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Tires and appliances removed from conservation area



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Rick Ball, Ken Knowlton, Denise Naiva, Scott Rolfe, Carol Fairfield, and Ward Peterson give a thumbs up after clearing debris from the Tioga River Wildlife and Conservation Area. Courtesy photo. (click for larger version)
September 08, 2010
BELMONT — A tract of land that had long been used as a dumping ground for everything from tires to refrigerators is now worthy of a nature walk or at least it will be once one more pesky problem is taken care of.

The Belmont Conservation Commission recently spent a day cleaning up the Tioga River Wildlife and Conservation Area, which eventually will be available for "passive recreation." But Belmont Land Use Technician Richard Ball said that before they promote its use, he'd like to first get rid of the glossy buckthorn that permeates nearly a quarter of the 200-acre parcel of land.

Glossy buckthorn is an invasive species in the form of a large shrub or small tree. It produces small berries that are currently dropping, which makes it a bad time to get rid of it.

"Every time I walk on the property I find more of it," Ball said. "It becomes a monoculture. It crowds out native species that have better wildlife opportunities."

The Tioga River Wildlife Conservation Area is located on the Belmont/Northfield line. The town purchased it in 2004 from Phil Harker, who had been trying to develop it. Ball said Harker's last proposal was to build a motocross park, but the town stepped in and purchased the land for preservation. The land is zoned industrial and recreational trails are not permitted because of wetlands issues, but Ball said Harker had been pushing for that motocross park anyway.

"In his zeal he had done some logging," Ball said, noting that Harker had accrued several wetlands violations with the state.

He said Belmont bought the land and resolved the wetlands violations.

"Much of what we were going to do, it reseeded itself," Ball said.

The junk that the Belmont Conservation Commission recently removed was there for several decades, Ball said. He said it looked like people would dump their used tires and appliances there, and then loggers would bulldoze over the debris.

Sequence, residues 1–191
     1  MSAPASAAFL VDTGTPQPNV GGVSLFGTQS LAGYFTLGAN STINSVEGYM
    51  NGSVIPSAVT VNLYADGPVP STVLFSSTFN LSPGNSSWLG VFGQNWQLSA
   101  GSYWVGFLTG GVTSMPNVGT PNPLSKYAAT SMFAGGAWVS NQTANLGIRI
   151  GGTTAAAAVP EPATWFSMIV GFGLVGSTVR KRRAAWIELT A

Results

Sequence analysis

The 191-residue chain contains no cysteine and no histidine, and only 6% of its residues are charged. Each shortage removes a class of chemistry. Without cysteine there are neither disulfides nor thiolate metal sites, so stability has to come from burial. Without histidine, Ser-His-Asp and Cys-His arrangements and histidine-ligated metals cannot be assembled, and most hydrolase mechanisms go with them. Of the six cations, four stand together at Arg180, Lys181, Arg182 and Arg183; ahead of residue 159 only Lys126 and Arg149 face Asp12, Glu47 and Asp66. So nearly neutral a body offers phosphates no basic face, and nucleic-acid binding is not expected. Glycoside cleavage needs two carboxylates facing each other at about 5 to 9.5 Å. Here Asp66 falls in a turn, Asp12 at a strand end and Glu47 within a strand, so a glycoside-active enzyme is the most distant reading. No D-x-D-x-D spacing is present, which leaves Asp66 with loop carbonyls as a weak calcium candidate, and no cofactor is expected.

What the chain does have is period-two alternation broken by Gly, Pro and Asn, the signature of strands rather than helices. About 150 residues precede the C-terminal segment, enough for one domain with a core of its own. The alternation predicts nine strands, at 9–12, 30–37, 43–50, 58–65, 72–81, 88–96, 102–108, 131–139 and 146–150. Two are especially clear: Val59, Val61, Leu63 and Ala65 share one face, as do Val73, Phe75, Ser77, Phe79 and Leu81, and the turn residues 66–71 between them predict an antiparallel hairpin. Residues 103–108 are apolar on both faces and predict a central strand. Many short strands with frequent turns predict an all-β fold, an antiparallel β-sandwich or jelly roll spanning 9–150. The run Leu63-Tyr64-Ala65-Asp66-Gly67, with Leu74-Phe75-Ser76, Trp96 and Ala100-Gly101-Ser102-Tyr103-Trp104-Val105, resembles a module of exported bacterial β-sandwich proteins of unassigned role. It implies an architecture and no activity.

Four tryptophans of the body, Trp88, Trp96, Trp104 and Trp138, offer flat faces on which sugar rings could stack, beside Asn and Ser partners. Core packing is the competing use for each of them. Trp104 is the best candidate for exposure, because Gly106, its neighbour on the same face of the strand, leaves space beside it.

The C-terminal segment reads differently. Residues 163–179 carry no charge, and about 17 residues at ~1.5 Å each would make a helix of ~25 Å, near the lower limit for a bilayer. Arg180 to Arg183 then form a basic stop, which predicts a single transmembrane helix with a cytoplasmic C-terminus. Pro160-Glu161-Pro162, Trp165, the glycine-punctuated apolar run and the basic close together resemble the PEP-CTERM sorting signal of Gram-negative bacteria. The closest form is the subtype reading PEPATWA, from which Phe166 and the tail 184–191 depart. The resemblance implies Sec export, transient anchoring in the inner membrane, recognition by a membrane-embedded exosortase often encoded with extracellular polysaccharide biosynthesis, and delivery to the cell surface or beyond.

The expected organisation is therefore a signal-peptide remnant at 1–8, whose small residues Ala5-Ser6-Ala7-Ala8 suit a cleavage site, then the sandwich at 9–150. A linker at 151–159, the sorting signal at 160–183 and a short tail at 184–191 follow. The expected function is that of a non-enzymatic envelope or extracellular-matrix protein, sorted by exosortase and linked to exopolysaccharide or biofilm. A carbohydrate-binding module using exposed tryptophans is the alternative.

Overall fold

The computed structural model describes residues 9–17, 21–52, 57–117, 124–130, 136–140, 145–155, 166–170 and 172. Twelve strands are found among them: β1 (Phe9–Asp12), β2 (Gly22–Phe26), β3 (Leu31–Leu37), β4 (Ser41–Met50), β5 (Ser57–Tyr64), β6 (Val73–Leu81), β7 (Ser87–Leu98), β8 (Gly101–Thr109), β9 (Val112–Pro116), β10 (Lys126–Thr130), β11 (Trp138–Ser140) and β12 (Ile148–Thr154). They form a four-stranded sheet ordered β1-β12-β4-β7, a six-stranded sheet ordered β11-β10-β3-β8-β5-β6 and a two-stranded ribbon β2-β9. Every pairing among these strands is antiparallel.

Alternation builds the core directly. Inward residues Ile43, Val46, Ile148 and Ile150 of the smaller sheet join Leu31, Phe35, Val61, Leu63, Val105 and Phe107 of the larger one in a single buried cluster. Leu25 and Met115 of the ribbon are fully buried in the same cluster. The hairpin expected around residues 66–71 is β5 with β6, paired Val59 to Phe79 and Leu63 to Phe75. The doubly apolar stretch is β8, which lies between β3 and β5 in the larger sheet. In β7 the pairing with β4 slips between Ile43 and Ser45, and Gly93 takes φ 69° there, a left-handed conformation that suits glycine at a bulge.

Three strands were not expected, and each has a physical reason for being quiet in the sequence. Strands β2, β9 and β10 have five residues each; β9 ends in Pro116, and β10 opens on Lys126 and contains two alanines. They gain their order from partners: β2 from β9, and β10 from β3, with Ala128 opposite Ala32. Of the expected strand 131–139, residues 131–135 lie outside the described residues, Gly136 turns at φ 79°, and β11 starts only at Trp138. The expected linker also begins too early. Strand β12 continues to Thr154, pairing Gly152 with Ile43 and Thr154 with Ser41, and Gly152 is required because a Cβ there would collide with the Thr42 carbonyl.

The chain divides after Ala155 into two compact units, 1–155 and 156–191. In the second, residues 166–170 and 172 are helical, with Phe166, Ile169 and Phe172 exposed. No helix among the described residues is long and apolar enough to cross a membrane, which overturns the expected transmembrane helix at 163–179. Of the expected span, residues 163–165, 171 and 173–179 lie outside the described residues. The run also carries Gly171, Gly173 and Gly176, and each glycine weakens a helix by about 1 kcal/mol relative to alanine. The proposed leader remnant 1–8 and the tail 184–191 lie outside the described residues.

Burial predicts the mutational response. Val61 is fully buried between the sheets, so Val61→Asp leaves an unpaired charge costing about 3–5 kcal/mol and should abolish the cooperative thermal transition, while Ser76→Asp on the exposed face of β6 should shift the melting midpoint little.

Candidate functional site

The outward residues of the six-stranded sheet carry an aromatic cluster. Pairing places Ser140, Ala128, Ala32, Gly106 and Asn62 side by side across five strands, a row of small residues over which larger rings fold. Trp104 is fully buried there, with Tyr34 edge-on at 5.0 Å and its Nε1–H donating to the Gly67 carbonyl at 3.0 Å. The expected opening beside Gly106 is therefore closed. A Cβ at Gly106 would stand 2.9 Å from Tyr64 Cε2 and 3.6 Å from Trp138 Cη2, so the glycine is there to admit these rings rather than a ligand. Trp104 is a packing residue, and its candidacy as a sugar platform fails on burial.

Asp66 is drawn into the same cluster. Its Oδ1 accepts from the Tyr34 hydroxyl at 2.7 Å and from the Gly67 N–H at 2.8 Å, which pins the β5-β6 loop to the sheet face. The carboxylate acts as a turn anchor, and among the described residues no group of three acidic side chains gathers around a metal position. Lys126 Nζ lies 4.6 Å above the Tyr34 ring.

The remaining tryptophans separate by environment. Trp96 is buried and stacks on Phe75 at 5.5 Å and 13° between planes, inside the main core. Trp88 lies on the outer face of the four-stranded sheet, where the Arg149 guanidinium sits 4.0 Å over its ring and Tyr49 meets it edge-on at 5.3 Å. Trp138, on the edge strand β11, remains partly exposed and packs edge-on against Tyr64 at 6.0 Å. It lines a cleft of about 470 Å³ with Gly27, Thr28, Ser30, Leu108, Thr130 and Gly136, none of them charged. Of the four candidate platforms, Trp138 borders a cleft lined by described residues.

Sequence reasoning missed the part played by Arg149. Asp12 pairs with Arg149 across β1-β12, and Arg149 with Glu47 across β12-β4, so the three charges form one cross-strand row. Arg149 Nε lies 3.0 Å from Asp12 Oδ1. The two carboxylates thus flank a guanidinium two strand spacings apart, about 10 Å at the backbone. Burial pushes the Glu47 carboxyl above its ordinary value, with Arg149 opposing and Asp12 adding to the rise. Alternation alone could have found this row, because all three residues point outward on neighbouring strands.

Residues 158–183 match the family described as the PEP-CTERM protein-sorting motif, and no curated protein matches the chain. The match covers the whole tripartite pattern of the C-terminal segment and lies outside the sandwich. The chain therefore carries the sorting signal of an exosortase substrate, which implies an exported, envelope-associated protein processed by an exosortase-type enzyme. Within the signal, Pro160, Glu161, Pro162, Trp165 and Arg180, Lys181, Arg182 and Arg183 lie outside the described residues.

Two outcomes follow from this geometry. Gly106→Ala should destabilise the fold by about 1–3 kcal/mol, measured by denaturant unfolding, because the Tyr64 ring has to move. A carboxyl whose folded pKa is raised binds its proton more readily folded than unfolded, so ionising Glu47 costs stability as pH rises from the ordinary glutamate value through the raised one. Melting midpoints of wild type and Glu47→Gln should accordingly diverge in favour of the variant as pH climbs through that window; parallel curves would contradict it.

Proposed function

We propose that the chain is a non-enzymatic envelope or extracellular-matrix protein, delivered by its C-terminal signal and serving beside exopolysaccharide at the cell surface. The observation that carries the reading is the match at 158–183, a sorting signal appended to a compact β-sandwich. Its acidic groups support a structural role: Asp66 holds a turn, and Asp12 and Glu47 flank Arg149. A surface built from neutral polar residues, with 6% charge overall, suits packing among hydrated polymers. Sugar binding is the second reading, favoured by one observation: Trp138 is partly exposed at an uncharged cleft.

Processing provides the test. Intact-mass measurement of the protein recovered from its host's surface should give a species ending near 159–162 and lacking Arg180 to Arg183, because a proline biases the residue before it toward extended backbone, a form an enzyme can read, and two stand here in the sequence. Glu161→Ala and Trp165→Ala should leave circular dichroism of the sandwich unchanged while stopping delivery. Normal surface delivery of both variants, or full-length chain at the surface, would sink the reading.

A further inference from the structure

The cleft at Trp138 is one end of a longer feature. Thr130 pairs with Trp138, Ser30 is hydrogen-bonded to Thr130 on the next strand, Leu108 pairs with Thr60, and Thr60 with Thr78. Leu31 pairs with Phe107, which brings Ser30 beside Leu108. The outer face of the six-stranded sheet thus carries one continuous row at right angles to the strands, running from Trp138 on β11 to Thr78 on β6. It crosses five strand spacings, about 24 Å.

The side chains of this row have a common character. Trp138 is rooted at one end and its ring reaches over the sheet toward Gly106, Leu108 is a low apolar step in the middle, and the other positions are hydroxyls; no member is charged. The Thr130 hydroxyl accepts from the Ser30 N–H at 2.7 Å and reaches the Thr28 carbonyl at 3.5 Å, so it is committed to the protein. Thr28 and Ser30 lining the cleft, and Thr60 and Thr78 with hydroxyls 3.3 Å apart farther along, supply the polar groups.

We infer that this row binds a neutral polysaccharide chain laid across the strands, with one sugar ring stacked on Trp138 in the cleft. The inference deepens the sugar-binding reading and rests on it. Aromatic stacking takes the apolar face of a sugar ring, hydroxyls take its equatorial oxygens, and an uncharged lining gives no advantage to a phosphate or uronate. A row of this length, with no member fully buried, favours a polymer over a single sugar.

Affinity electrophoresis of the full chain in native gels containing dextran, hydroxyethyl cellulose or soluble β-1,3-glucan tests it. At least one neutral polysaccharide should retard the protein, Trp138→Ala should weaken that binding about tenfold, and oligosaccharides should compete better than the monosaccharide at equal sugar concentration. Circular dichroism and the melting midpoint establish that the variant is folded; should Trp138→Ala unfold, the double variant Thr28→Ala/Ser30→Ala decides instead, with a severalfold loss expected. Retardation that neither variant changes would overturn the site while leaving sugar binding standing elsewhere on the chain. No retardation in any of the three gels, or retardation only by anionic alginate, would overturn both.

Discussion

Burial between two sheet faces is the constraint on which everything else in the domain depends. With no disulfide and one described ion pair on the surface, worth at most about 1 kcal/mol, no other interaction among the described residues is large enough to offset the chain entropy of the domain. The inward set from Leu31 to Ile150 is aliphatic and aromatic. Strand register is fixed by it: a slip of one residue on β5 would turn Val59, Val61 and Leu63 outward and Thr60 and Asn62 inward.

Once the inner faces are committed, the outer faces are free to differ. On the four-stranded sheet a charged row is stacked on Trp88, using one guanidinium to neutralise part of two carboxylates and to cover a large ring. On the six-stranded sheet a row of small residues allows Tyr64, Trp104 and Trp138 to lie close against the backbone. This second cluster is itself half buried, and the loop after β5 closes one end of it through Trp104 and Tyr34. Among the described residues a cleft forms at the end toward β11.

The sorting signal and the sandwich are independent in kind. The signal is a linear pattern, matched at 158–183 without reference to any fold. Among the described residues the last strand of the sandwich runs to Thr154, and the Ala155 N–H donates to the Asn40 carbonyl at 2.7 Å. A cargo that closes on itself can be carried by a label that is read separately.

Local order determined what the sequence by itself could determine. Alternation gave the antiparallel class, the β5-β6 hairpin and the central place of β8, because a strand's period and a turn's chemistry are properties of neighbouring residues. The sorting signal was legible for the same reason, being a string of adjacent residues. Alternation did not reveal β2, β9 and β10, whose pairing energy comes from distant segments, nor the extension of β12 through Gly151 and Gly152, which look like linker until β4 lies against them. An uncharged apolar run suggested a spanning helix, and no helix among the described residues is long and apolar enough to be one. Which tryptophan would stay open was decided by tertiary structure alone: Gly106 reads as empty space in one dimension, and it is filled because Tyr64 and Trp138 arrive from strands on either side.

"We've always wanted to get rid of it," Ball said. "This summer's (weather has been) perfect for getting in there."

The commission members removed about 40 to 50 tires, a few refrigerators, a stove, a microwave, bike frames and construction debris. They used a farm tractor that was donated by Ward Peterson, a former Conservation Commission member and one of its founders. It took the group a little over three hours to clean the area.

"It gets rid of a place in town where debris has been dumped, and it gets us on the road to permanent conservation of the Tioga River Wildlife and Conservation Area," Ball said.

The next step is trying to eradicate the glossy buckthorn, and the town just received a grant for that purpose. Ball is now trying to find a company to do some hand pulling. The town is also trying to get a conservation easement, because currently it has just the deed to the property with no restrictions. An easement would offer "backup protection," Ball said, to ensure that the land is never developed.

What it will be available for is passive recreation, such as walking and picnicking, with perhaps some low-impact trails that would have to wind around the wetlands areas. That area of town is ranked the highest for potential wildlife.

"It's never going to be a motocross park," Ball said.

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